Cirrhosis of the Liver
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Cirrhosis is a disease in which the liver cells become permanently damaged, and the structure and function of the liver is permanently altered. Once liver damage has occurred, the damaged areas are replaced by scar tissue. Blood does not flow properly through scarred liver tissue, and this interferes with important liver functions.
The liver plays a crucial role in numerous bodily functions, including the production of blood clotting factors, production of bile, cholesterol metabolism, maintenance of normal blood sugar concentrations, and detoxification of toxins such as alcohol and drugs. Because the role of the liver is so diverse and so critical to life, liver diseases such as cirrhosis can severely disrupt normal body functions.
Many conditions can lead to cirrhosis, including viral hepatitis, inherited diseases, prolonged obstruction of the bile ducts, severe drug reactions, and chronic exposure to environmental toxins. The most common cause of cirrhosis is chronic alcohol abuse. Approximately 27,000 Americans die from cirrhosis each year.
What are the risk factors for cirrhosis?
What are the symptoms of cirrhosis?
How is cirrhosis diagnosed?
What are the treatments for cirrhosis?
Are there screening tests for cirrhosis?
How can I reduce my risk of cirrhosis?
What questions should I ask my doctor?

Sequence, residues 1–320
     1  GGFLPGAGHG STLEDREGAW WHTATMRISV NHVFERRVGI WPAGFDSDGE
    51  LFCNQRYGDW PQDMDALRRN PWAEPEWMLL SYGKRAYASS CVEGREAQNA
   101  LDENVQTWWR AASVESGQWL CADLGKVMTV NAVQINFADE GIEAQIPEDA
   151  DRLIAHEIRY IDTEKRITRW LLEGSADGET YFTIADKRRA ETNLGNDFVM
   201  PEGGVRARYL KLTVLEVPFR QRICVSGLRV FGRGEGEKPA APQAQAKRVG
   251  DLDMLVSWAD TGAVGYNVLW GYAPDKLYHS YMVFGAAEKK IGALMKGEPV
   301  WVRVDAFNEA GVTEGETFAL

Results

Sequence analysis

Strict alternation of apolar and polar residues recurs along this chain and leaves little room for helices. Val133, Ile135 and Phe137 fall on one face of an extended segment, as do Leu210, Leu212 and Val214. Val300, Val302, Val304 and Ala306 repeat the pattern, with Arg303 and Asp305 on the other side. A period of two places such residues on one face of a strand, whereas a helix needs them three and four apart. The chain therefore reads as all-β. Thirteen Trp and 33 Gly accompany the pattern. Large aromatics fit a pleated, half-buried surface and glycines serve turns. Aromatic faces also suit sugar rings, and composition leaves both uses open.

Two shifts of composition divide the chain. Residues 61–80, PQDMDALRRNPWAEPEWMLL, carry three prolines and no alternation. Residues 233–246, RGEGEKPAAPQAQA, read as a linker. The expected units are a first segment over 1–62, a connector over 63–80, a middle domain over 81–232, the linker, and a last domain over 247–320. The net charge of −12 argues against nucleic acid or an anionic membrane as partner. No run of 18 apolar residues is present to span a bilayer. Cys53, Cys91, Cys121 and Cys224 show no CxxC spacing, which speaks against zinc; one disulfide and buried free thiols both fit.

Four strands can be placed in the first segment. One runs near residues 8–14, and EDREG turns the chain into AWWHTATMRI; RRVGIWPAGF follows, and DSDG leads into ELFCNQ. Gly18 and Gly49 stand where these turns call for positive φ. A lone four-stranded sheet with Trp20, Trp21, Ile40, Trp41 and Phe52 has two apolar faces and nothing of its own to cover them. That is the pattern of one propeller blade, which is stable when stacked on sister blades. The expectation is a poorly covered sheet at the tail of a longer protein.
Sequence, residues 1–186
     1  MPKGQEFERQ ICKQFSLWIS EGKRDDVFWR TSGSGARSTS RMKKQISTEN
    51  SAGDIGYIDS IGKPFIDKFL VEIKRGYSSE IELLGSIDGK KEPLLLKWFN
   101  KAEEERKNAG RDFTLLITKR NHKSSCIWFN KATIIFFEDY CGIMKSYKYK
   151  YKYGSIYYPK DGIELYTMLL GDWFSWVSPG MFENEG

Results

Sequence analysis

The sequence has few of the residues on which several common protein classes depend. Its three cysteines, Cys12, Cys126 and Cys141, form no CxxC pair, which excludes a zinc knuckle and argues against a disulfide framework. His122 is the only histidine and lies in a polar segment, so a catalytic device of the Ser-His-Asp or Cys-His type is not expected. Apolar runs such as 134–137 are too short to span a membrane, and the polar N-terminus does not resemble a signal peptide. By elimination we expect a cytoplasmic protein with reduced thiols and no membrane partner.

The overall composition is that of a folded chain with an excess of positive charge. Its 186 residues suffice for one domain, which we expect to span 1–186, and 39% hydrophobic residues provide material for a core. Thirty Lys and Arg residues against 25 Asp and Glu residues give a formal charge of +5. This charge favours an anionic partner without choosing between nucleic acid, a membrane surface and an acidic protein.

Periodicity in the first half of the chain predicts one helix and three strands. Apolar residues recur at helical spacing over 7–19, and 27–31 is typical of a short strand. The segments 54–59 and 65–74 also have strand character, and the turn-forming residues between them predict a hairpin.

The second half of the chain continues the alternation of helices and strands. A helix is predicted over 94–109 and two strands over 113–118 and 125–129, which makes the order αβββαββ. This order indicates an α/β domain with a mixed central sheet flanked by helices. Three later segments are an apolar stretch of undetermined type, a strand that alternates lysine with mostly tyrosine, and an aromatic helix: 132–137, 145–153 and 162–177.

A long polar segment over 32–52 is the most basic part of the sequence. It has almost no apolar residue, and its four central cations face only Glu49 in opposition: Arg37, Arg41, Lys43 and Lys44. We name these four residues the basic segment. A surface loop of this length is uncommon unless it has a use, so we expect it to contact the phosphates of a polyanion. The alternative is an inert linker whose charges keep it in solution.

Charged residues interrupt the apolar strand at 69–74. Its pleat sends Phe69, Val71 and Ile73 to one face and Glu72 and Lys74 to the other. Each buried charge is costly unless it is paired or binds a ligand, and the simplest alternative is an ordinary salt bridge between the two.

What is it like to live with cirrhosis?
Where can I get more information about cirrhosis?
Cirrhosis. American Liver Foundation website. Available at: http://www.liverfoundation.org/abouttheliver/info/cirrhosis. Updated December 3, 2012. Accessed April 24, 2013.
Cirrhosis. EBSCO DynaMed website. Available at: http://www.ebscohost.com/dynamed. Updated December 27, 2012. Accessed April 24, 2013
Cirrhosis. National Institute of Diabetes and Digestive and Kidney Diseases website. Available at: http://digestive.niddk.nih.gov/ddiseases/pubs/cirrhosis/index.aspx. Updated February 21, 2012. Accessed April 24, 2013.
Last reviewed March 2015 by Daus Mahnke, MD
Please be aware that this information is provided to supplement the care provided by your physician. It is neither intended nor implied to be a substitute for professional medical advice. CALL YOUR HEALTHCARE PROVIDER IMMEDIATELY IF YOU THINK YOU MAY HAVE A MEDICAL EMERGENCY. Always seek the advice of your physician or other qualified health provider prior to starting any new treatment or with any questions you may have regarding a medical condition.
Copyright © 2012 EBSCO Publishing All rights reserved.
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